The famous charge of the Royal Scots Greys at the Battle of Waterloo, 1815. The sculpture depicts the trooper, sabre drawn, lunging forward with the horse in full gallop.
UNION BRIGADE CHARGE
On the 1st of March 1815 Napoleon Bonaparte landed in the south of France to reclaim his Empire. His leisurely march north to Paris became a triumphal procession as the people of France flocked to his standard. Europe was again plunged into crisis and the Allied Army, dispersed across Belgium, had to be reformed and rushed into new marshalling areas. It was imperative that the British and Prussian armies were combined prior to an engagement as united they out-numbered and out-gunned the French, but alone, each could easily be destroyed.
Napoleon seized the initiative and marched on Brussels in an attempt to split the Allies. On the 16th of June the French met the British at Quatre Bras and the Prussians at Ligny. By nightfall both the allied armies were withdrawing, the Duke of Wellington to a good ridgeline position he favoured near the village of Waterloo.
Next morning the French army dithered whilst Napoleon decided on his options. He divided his force, despatching Marshall Grouchy after the Prussians, whilst he chased after the British. By nightfall Napoleons force had started to muster to the South of the British reverse slope position. Napoleon had by now realised the urgent need to, reunite his force, and drive home his attack on Wellington. In the night it poured with rain and at dawn of the 18th June ‘Le Grand Armee’ prepared for the attack. At 11am following the grand parade, Napoleon ordered a diversionary attack on the British right flank at Hougomont Farm to draw Wellington’s reserves. At 1 p.m. Napoleon ordered his massive I Corps forward towards the British centre left. The huge force drove back the thin line of Dutch troops on the crest-line and started to establish themselves on the key ground.
The Earl of Uxbridge, the British Cavalry commander, with his two Cavalry Brigades was ordered forward from the reserve by Wellington. These brigades, were the finest Heavy Cavalry available to Wellington and their use this early in the battle indicated the urgency of the situation. Lord Ponsonby was in command of the Union Brigade on the left. As he reached the summit of the rise, exactly to his front, he saw the French, under considerable fire, debouching onto the track that runs along crest. The Brigade immediately charged, with the Royals and Inniskillings to the front, and The Royal Scots Greys in support.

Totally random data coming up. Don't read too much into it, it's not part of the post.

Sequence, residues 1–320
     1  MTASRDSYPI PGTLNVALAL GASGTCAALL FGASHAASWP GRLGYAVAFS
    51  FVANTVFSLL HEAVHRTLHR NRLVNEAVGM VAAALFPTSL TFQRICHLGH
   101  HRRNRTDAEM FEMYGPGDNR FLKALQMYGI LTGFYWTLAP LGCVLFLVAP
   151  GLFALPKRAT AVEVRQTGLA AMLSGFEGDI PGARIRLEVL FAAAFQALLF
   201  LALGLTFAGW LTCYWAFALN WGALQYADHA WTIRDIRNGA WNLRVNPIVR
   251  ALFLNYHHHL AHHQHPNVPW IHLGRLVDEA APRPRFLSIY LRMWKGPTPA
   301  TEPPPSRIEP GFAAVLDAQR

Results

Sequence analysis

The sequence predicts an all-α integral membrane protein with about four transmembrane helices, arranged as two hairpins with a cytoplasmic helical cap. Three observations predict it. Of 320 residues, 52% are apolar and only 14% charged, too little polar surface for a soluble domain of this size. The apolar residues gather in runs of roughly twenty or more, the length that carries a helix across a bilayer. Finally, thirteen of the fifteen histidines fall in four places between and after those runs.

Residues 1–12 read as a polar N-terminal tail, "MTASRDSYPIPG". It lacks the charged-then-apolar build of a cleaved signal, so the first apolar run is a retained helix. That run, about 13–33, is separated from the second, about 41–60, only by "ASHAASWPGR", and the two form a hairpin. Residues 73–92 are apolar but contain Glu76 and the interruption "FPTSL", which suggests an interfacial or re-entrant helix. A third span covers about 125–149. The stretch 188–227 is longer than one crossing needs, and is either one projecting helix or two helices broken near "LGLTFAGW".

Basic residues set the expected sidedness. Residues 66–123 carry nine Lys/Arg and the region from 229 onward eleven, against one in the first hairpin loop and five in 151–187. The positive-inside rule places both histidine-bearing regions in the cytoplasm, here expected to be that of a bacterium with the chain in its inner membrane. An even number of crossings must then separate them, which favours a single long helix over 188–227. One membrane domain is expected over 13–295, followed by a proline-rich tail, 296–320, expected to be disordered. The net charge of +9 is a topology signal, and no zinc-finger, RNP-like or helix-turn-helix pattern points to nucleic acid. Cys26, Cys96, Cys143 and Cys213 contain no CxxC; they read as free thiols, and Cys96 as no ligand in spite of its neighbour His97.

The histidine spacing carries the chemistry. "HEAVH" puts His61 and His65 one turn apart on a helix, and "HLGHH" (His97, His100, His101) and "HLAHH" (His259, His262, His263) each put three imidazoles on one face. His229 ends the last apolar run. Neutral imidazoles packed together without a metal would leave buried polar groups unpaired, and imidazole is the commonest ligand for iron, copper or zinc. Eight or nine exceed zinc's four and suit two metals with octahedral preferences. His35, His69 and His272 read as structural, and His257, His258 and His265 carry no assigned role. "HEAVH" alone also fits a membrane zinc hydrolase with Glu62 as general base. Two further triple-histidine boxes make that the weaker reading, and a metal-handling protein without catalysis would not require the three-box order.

The Greys galloped headlong into two regimental columns of French infantry, the first were scattered and fled to the rear. The Second, the 45th ‘Invincibles’, were made of sterner stuff, and offered a courageous defence. During spirited hand to hand fighting Sergeant Ewart of the Greys drove through the French defence and seized the Eagle standard of the 45th, which is on display to this day at the Regimental Museum in Edinburgh Castle. Gradually the cavalry overwhelmed I Corps and the French infantry halted then began to retire. Within 20 minutes this had turned to a retreat with the Corps streaming back off the hill towards the French artillery line.
Elements of the Greys, in their excitement, pushed further, reaching the French artillery line, they began to attack the hapless gunners. The charge had by now reached the stage on numerous isolated clumps of blown cavalrymen either fighting hand to hand with newly arriving French Dragoons, or in retreat. In bloody hand to hand fighting many of the Greys were now killed or wounded before they could reach the sanctuary of their own lines.
Forty percent of the charging cavalry had fallen and the Royal Scots Greys suffered two hundred men and 224 horses killed or wounded. After the battle Napoleon referred to “les terribles chevaux gris” and Ewart was commissioned by the Prince Regent
The figurine, made by Ballantynes of Walkerburn, depicts a trooper of the Royal Scots Greys at the height of the charge. He wields the standard issue, straight cavalry sabre and carries a cavalry carbine against his saddle. We have displayed the figurine with his bearskin uncovered, however, following the heavy rains of the previous night, the regiment went into battle with their headgear covered.
|Base Material of the Statue||Cold Cast Resin|
|Height Including Presentation Base||14" / 36cm|
|Width with Presentation Base||8" / 20cm|
|Depth with Presentation Base||6" / 15cm|
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